The Centers for Disease Control and Prevention has issued more stringent guidelines for how healthcare workers should interact with Ebola patients, following an outcry from nurses and other professionals.
There's nothing like the first time you get to meet people, attend education sessions and see the exhibit hall at the American Health Care Association, as I found out last week. If you weren't there, you missed a lot.
By the end of the day Tuesday, after a week full of educational sessions, it took a lot to break through the clutter in my brain. That moment happened when Kyle Henderson made a slightly throw-away comment about some providers "investing in chefs, paying them $70-, $80-, $90,000. That's where we are seeing innovation in programming, because dining gives them a chance to impress three times a day."
A trio of national annual meetings for long-term care stakeholders will take place in the week ahead, and luckily for those wanting to attend, they'll all be at the same location. The American Health Care Association and its companion group, the National Center for Assisted Living, will hold its 65th annual convention in Sunday through Wednesday in Washington, D.C. In conjunction with those two groups' meetings, the National Association for the Support of Long Term Care will be hold its 25th annual meeting Sunday through Tuesday, also at the Gaylord National Resort & Convention Center at National Harbor in the District of Columbia.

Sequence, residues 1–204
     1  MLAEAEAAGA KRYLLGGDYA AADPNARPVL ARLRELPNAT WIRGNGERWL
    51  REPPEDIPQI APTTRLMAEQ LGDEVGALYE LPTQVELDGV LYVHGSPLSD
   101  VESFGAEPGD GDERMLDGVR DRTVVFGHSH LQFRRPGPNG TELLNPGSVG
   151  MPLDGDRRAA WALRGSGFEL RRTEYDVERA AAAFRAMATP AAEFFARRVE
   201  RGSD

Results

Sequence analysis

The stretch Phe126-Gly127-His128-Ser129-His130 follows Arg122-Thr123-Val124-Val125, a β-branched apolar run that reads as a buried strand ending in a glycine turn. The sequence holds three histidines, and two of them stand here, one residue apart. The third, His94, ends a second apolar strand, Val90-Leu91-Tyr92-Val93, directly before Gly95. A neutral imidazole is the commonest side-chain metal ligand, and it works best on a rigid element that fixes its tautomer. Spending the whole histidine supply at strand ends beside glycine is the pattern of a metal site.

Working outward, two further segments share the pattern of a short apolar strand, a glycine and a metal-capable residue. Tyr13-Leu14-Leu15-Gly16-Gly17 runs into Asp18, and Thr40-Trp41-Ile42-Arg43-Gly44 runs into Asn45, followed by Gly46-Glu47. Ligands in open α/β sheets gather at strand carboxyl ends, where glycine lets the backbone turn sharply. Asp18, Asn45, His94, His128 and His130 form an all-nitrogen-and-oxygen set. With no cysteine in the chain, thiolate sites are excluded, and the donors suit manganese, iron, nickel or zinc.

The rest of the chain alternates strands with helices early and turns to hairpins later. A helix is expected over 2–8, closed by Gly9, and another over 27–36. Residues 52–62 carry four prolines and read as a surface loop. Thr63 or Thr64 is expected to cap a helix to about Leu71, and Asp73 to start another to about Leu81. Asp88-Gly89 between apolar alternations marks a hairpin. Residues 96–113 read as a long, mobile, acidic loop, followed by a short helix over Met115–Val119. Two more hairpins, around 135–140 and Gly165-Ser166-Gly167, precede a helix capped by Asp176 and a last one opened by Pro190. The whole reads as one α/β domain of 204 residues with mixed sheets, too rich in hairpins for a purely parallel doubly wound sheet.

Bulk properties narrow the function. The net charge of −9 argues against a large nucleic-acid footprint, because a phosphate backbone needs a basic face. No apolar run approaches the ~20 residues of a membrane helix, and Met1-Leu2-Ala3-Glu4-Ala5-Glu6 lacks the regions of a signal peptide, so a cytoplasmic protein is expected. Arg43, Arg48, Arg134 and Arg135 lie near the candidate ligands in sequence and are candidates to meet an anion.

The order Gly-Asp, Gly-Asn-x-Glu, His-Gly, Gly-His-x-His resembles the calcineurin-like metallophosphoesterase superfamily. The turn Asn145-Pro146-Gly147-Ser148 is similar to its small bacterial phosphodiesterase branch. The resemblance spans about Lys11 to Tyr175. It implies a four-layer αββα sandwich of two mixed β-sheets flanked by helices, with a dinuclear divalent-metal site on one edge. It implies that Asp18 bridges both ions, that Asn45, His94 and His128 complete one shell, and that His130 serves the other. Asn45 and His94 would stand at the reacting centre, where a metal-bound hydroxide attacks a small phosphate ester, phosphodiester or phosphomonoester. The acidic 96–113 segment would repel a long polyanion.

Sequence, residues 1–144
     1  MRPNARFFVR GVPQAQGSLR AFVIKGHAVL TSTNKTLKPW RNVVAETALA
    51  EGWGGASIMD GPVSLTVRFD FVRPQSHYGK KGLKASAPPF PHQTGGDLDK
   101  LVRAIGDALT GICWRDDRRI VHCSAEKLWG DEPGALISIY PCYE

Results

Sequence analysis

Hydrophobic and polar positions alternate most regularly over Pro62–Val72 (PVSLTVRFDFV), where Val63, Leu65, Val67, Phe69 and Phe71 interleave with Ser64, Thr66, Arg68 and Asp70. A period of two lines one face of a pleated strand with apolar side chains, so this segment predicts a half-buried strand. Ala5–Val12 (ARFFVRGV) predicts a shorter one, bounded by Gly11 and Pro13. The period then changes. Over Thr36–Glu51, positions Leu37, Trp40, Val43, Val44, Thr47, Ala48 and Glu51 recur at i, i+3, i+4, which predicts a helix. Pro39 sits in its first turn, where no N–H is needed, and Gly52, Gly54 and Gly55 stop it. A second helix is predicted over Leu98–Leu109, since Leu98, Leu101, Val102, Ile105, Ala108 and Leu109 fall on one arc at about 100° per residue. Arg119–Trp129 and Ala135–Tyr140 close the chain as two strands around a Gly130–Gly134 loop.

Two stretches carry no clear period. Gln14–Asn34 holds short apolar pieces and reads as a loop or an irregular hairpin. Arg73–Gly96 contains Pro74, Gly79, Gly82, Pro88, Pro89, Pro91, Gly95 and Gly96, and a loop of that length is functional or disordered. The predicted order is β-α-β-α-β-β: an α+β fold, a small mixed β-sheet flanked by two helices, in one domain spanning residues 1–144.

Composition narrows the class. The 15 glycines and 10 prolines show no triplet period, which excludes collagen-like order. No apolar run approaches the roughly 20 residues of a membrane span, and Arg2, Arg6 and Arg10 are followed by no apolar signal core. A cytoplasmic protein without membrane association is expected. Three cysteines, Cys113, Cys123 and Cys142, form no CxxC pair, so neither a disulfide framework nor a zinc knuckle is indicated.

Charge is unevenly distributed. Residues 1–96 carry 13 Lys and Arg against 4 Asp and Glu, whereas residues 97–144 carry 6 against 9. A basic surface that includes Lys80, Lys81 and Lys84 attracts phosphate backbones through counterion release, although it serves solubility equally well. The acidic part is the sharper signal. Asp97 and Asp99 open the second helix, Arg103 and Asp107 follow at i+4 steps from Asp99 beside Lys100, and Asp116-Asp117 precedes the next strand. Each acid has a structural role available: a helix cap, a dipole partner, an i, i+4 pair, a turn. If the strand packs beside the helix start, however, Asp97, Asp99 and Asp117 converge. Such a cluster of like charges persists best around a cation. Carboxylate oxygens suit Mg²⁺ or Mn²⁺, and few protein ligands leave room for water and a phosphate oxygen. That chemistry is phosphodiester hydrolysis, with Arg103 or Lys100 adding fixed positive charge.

The government should collect and release more claims information from managed care plans, the nation's largest long-term care provider association stated in a recent letter to Senate leaders.
Long-term care providers are being asked to reduce the use of antipsychotic medications among residents by 25% by the end of 2015, and 30% by the end of 2016. Providers have already achieved a 17.1% reduction since 2011.
Americans are the most worried about losing their eyesight as they age, poll says .... AHCA says MedPAC Chairman is 'spot-on' with three-day stay comments ... Medicare Advantage enrollment rises for fifth straight year, CMS says.
If there's a prevailing theme around the hours American Health Care Association senior fellow Elise Smith keeps, it's that they are constant.
AHCA announces Gold National Quality Award recipients ... Older adults' cognition peaks in the morning ... DNA alteration linked to Alzheimer's
AHCA applauds Senators' push for expanding vets' long-term care options ... RAND releases policy blueprint for better dementia care ... Man pleads guilty in $205M scheme to place assisted living residents in mental health services ... CMS publishes reimbursement rates for additional doc requests